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Updated Jun 10, 2024, 2:44pm EDT
South America
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Semafor Signals

Venezuela opposition candidate has 50% lead over Maduro: Poll

Insights from Americas Quarterly, Bloomberg, El País, and Efecto Cocuyo

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Venezuelan opposition candidate Edmundo González.
Leonardo Fernandez Viloria/Reuters
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The News

Venezuela’s opposition candidate, Edmundo González Urrutia, is leading President Nicolás Maduro in the polls by about 50% ahead of the country’s upcoming national election, which is supposed to take place on July 28.

González began the campaign cycle as a political unknown — he was put forward after the former opposition leader was barred from running — and has yet to be barred himself, although Maduro could still block his candidacy and the opposition before the election is due to take place.

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The opposition faces an uphill battle

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Sources:  
Bloomberg, Voz de América

It is unclear, González told Bloomberg, why Maduro has allowed him to run, or get this far. “So far the government has been silent on all of this,” he said. “We still don’t know why.” But Maduro’s administration is already looking at ways to rig the election, including finding means to disqualify González or to nix the opposition’s voting card, Bloomberg reported. International observers are also finding it hard to oversee the election’s integrity: Maduro’s Chavismo party revoked an invitation for European observers to attend the election in July, and Colombia and Brazil gave up on sending their own observers, too. The absence of international observation can increase the risks of “attempts of manipulation,” a lawyer told Voz de América.

Chavismo party ‘broke promises;’ voters want change

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Source:  
Americas Quarterly

Many Venezuelans are disillusioned with Maduro’s government, which hasn’t delivered the welfare state it promised, one Venezuela-based journalist wrote in Americas Quarterly. Maduro’s regime found initial success by providing one-off bonuses, food assistance, and public employment, and by favoring rural and low-income portions of the population. But the system stopped working, and more than 65% of Venezuelans earn less than $100 a month, the outlet reported, and inflation is rampant. Many people have no way to support themselves, one researcher said. Instead, the opposition party offers “an attractive message, of hope, change, alternation,” a historian added.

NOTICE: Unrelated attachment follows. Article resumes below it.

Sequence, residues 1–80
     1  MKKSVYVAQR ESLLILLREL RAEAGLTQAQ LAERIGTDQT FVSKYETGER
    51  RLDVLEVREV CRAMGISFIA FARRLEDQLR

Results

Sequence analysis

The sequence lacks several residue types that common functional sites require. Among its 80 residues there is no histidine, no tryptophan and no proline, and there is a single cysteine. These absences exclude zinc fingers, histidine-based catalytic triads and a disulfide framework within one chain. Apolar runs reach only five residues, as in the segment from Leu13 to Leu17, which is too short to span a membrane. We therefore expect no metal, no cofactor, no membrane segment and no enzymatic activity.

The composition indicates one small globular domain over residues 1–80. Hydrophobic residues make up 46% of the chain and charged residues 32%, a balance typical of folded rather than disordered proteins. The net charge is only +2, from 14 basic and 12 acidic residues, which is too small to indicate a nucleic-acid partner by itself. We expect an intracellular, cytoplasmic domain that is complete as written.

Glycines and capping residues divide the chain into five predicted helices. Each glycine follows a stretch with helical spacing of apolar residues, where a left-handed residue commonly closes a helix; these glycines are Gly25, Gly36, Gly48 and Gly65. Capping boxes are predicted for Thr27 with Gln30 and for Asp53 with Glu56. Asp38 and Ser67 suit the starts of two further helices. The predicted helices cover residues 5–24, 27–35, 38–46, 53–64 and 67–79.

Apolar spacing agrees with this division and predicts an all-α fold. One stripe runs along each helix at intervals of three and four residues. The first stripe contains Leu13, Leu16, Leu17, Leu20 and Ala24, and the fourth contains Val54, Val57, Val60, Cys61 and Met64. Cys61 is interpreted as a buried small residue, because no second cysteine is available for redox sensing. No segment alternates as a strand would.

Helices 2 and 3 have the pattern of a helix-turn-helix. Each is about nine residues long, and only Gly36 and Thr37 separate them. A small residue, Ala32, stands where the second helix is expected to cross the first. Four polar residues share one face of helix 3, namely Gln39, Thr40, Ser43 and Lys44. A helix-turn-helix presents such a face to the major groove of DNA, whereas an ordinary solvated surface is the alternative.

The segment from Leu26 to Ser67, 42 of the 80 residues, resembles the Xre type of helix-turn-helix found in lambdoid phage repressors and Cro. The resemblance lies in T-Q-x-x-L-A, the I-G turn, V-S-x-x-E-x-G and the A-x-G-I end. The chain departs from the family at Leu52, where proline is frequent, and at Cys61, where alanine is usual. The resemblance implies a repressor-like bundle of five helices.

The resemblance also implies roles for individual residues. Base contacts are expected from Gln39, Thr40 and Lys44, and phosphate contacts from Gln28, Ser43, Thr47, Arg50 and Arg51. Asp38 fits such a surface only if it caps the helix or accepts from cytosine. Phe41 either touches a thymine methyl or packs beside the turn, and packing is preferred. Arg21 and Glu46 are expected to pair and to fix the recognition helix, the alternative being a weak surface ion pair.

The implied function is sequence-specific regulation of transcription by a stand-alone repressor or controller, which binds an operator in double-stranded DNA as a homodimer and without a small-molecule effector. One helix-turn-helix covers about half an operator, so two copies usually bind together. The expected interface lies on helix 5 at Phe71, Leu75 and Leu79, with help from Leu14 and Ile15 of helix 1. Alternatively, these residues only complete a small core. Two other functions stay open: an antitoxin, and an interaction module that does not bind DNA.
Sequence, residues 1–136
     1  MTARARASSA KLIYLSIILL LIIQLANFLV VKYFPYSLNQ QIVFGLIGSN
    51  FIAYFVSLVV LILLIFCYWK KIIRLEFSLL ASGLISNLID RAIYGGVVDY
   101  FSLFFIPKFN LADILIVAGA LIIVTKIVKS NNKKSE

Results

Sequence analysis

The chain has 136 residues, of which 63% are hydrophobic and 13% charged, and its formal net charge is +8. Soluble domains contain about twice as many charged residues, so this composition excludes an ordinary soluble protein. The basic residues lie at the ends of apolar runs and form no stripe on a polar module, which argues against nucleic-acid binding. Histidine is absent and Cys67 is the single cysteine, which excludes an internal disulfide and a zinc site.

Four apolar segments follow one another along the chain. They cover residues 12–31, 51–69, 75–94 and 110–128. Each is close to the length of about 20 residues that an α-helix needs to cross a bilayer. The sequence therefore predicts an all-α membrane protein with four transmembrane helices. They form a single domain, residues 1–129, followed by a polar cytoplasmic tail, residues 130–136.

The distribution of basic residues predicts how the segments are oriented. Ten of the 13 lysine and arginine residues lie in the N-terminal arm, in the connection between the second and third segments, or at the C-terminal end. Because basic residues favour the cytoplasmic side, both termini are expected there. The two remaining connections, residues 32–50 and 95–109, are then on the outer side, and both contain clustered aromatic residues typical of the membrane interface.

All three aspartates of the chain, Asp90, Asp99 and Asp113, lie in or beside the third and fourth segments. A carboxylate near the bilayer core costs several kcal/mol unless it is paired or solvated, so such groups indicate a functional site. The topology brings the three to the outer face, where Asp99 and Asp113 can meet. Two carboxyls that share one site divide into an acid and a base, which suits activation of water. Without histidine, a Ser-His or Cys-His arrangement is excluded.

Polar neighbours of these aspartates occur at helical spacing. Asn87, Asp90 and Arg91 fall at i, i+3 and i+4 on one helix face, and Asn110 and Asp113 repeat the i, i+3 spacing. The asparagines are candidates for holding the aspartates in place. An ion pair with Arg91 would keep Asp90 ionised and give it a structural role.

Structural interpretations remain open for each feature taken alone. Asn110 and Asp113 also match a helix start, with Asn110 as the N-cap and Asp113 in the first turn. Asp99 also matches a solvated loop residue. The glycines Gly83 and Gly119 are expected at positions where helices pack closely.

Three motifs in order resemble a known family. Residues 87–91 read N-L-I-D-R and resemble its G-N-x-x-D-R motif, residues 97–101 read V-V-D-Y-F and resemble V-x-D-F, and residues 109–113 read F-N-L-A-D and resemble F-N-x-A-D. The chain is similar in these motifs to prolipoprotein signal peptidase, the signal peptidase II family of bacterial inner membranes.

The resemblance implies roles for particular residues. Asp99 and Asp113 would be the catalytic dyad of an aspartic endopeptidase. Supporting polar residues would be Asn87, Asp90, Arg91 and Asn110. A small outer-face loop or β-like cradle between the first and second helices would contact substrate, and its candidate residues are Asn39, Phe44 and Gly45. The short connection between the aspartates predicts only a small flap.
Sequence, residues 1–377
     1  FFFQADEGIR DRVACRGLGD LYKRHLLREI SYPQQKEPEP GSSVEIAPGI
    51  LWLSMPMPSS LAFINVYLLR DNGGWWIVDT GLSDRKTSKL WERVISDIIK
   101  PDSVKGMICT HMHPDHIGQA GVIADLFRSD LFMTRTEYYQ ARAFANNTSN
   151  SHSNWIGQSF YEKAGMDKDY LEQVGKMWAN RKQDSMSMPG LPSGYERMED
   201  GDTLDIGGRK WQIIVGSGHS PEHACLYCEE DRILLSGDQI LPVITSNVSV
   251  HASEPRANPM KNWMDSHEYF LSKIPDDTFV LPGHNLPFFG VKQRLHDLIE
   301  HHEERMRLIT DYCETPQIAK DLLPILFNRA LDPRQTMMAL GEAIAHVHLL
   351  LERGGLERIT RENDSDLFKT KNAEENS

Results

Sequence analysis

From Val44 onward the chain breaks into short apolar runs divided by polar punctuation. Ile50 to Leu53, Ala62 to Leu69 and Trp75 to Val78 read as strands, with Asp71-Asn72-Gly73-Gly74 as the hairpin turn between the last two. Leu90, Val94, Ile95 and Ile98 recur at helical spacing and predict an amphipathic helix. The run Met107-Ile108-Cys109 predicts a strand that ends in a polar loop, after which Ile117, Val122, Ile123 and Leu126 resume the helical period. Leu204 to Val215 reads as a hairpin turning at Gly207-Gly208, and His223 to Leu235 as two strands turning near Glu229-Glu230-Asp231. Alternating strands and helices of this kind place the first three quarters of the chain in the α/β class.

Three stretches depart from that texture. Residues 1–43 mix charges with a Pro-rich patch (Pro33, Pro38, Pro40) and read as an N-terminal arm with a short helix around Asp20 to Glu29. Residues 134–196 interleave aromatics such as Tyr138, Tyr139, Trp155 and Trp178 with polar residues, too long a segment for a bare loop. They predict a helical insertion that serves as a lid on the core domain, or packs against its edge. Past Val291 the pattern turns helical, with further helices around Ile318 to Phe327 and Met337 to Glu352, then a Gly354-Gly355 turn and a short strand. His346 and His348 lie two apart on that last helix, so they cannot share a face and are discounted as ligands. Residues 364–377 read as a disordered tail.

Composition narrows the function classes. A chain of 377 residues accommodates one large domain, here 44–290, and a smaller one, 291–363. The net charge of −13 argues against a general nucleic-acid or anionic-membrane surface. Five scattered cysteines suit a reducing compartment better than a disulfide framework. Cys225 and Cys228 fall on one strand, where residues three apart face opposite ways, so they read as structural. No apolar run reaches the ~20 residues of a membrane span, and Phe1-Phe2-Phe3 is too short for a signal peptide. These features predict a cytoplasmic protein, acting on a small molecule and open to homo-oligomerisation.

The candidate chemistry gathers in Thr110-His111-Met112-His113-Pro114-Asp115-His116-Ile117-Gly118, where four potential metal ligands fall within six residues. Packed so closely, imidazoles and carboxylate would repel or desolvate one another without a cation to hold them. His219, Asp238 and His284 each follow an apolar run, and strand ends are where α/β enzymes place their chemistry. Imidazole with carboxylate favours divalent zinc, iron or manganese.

Polls don’t mean victory

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Sources:  
El País, Efecto Cocuyo

While the polls show opposition firmly in the lead in Venezuela, people associated with Maduro’s party have warned that doesn’t guarantee a victory for González. And even if the opposition wins the election, Maduro is unlikely to concede a win. “It’s a whole operation of deception, Nicolás is going to win,” said Jorge Rodríguez, the President of Venezuela’s National Assembly and a key Maduro ally, during a recent appearance on national tv. And polls should be taken with a grain of salt, according to some polling analysts, with one saying it’s “a rotten lie” to think the opposition has a real advantage over Chavismo, El País reported. Chavismo, the pollster noted, is organized and its support spread across the country, and it controls key institutions. Voter abstention and indecision, as well as the voters choosing other, minority candidates, might have an effect on the apparent lead, too.

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